The Animal Health Trust are launching a nationwide trial of a vaccine for Equine Grass Sickness, a debilitating disease which is often fatal.

The vaccine trial will follow 1,100 horses and ponies for two years. In order to be eligible for enrolment the horses and ponies need to be passported, healthy and being kept on premises with a history of EGS cases in the past two years.

Dr Jo Ireland, the AHT’s Equine Grass Sickness Research Co-ordinator, said:

“Half of the horses and ponies on the trial will be vaccinated with a C. botulinum type C toxoid vaccine; the other half of the horses and ponies will receive an inactive placebo injection. We will record, review and compare incidence of EGS between the two groups to determine the efficacy of the vaccine.

“If we see reduced disease incidence in vaccinated horses, this would provide a major breakthrough in the prevention of EGS.”

Almost all cases of EGS occur in horses with access to grazing and it is thought they are exposed to some form of noxious agent in the soil which contaminates the grass they eat.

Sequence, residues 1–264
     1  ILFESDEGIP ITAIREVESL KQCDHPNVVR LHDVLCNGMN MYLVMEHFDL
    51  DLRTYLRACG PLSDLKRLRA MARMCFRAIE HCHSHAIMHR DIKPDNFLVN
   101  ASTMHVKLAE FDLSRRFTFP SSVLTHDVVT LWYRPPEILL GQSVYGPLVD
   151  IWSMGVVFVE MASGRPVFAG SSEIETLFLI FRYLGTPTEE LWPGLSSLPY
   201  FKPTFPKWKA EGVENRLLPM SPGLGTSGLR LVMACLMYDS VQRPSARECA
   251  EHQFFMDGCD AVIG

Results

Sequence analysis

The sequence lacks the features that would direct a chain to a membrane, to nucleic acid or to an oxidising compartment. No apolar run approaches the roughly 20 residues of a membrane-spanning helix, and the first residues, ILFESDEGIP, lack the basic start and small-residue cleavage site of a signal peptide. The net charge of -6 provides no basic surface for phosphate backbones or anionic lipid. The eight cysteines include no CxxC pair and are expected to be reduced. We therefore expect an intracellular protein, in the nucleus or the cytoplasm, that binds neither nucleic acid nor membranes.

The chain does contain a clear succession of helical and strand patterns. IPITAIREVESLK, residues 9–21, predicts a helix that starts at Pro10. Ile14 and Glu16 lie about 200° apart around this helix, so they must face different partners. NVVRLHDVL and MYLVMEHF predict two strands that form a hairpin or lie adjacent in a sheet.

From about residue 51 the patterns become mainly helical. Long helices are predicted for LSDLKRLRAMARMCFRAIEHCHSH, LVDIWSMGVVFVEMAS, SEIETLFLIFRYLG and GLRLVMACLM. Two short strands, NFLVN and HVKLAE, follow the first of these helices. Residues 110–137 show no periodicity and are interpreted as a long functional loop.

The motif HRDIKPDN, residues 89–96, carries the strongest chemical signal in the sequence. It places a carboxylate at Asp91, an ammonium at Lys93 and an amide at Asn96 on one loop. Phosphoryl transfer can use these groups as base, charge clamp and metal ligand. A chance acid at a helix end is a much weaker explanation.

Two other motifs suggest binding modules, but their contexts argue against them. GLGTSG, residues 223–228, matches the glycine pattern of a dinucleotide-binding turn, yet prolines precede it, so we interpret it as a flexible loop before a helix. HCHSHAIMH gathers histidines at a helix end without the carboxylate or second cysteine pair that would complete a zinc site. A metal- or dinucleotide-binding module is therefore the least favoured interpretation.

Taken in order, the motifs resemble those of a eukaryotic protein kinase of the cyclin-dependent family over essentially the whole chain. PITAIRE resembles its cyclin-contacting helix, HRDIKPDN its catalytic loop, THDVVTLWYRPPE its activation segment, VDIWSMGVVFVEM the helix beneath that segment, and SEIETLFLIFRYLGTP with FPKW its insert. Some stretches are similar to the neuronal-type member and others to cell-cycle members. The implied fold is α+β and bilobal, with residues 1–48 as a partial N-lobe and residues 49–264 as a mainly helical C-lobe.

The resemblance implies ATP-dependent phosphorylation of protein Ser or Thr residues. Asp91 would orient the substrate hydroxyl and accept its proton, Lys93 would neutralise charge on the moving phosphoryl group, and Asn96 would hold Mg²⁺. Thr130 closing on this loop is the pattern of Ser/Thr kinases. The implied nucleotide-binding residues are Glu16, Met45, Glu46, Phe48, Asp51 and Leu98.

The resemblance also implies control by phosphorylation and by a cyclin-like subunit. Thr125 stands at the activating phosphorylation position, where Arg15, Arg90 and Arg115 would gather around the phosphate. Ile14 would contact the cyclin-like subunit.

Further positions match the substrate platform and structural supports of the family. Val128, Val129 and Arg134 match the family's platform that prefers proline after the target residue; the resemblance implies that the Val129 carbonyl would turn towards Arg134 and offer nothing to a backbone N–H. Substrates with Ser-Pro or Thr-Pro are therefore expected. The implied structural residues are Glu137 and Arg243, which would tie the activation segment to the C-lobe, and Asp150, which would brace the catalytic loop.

There is growing scientific evidence to suggest that EGS may be caused by the bacterium Clostridium botulinum (C. botulinum) type C, which is found commonly within soil and is capable of producing a range of toxins, including neurotoxins (toxins that damage the nervous system), to which horses are particularly sensitive.

 As vaccinating horses protects against other similar diseases, such as tetanus and botulism, theoretically it is possible that EGS could be prevented by vaccination. A field vaccine trial is the only way to evaluate whether a vaccine is effective in reducing the risk of EGS.

To find out more about the vaccine trial, or how to enrol horses/ponies, please visit or email